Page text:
Live Art Demo – Astonishing Wood Sculptures by Brian Monteleone
From Contractor to Wood Sculpture Artist – a Journey of Passion
“The aim of art is to represent not the outward appearance of things, but their inward significance.” ~ Aristotle
Have you ever wondered where artists’ get their ideas? Or how they develop a passion for creating their wonderful art pieces?
We invite you come the Mountain Made gallery on Saturday, June 1st from 11AM-2Pm for a live question and answer session and art exhibit with wood sculptor Brian Monteleone. According to Brian Monteleone, his passion for wood sculpting started innocently enough…
Twenty years ago, while on spring break, he visited his father and uncles at their little hunting cabin in New York state.
The property around the cabin was being logged at the time and while everyone else was out hunting, Brian took one of the rough cut timbers lying around and carved out a life-size Indian statue – using a chainsaw.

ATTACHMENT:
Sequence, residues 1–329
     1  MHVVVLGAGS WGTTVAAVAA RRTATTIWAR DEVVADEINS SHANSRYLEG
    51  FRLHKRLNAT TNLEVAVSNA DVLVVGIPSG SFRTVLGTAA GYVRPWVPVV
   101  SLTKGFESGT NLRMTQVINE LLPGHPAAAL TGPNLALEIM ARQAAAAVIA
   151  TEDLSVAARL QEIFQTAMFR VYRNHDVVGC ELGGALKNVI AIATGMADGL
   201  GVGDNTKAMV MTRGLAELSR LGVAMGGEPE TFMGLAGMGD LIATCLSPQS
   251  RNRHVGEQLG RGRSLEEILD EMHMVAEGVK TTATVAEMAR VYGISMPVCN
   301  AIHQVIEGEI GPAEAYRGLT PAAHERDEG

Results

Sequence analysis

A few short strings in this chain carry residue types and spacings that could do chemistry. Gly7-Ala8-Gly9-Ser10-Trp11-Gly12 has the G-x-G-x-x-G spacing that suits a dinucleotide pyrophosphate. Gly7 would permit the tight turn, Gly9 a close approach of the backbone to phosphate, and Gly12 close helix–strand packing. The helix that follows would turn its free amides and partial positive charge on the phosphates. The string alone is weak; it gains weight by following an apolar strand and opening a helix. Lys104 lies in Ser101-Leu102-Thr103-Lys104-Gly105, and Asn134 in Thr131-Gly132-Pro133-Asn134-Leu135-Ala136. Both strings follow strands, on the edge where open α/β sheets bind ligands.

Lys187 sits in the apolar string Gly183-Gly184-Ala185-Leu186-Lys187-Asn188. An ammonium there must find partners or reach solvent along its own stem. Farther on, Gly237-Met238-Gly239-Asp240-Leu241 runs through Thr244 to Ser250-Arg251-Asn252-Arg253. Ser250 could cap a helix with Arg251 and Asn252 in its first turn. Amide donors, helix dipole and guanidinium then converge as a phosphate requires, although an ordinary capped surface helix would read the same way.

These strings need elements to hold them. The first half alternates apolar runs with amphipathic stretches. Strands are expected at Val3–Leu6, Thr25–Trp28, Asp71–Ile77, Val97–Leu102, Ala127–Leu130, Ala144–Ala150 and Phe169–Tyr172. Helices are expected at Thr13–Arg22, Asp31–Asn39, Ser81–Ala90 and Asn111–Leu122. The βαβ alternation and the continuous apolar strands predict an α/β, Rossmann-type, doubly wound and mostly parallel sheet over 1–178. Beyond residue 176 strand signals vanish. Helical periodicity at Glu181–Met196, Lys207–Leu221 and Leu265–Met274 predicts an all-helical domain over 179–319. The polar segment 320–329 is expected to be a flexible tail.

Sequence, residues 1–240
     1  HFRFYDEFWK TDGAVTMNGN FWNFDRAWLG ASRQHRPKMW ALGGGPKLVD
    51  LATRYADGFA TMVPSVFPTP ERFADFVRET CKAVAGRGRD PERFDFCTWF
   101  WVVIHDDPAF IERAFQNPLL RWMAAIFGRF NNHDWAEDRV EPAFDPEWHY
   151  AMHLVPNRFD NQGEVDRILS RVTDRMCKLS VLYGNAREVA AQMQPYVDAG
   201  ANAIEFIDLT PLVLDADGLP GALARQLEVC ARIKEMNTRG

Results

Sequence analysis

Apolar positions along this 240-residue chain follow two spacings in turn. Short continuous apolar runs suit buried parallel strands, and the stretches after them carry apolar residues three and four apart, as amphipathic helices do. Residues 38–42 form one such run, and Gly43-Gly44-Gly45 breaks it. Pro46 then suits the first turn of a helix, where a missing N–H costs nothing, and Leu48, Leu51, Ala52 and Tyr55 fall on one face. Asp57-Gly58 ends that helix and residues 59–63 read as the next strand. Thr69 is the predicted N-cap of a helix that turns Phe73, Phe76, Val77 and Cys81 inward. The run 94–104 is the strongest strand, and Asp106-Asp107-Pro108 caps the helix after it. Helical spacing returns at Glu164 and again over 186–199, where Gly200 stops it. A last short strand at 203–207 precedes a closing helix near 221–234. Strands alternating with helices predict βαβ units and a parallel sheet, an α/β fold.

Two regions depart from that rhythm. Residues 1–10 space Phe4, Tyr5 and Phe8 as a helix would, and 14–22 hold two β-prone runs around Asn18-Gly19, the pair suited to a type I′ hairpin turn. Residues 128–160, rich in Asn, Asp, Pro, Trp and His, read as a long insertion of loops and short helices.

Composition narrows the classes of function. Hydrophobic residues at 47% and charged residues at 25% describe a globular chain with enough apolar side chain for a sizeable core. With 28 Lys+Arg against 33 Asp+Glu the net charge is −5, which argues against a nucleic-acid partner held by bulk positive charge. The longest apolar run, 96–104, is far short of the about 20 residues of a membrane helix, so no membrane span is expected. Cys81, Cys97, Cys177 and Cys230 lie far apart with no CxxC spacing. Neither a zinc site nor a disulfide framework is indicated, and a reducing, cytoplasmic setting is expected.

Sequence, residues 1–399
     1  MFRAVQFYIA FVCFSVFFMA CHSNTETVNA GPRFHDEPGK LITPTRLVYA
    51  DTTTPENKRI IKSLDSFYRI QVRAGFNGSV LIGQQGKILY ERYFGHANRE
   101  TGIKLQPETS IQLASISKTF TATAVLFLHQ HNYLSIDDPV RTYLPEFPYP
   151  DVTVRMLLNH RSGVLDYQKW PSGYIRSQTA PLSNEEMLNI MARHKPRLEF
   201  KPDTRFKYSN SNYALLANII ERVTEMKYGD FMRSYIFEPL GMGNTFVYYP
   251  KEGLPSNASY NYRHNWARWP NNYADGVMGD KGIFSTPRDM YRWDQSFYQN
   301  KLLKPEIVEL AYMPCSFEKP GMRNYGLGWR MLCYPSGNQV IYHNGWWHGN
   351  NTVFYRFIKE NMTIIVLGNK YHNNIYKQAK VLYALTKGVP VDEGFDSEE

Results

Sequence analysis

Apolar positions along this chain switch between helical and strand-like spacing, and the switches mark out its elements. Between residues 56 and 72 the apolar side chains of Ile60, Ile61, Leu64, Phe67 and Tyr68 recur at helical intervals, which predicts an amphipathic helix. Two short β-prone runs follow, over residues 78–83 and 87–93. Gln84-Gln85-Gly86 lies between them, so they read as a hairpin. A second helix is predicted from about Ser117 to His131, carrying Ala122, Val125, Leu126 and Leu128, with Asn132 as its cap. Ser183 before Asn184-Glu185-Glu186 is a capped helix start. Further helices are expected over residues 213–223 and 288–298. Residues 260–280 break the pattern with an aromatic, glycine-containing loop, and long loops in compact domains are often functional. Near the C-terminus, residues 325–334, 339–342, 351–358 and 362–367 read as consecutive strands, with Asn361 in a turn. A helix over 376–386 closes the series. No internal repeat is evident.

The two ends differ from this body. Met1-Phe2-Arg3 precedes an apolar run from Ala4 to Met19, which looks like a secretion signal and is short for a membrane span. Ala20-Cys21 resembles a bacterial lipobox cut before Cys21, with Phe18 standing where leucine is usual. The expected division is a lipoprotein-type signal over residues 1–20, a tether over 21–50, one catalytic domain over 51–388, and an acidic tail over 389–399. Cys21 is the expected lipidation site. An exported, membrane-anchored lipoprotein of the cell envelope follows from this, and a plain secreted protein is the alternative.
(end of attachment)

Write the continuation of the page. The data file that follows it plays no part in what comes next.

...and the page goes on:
While Brian admits his first piece was “screw-up looking” and very rough cut it was fun and the beginning of his love affair with wood sculpting.
Over the years, he has always come returned to his love of wood carving – despite his responsibilities as a working contractor and a single father raising two kids.
Brian says, “I have always come back to wood sculpture. I keep making it fit into my life because I can’t seem to not do it.”
Brian goes on to say about his unique, twisted sculpture style, “While realistic and recognizable, my works concentrate heavily on movement, weightlessness, negative space and simple lines. My favorite subject is architecture – trying to make buildings dance and to have the streets and hidden alleyways invite the viewer right into the sculpture…”
“…Nearly everything I’ve created in the past few years has an emotional connection a story or an explanation. We all have places that are special to us: the restaurant of your first date, the street where you grew up, the park bench where your kids would hang out every summer.
I feel like we should decorate our homes and offices with art that not only looks nice and creates conversation, but has a deeper emotional connection, whether private or shared with the people who view the piece.”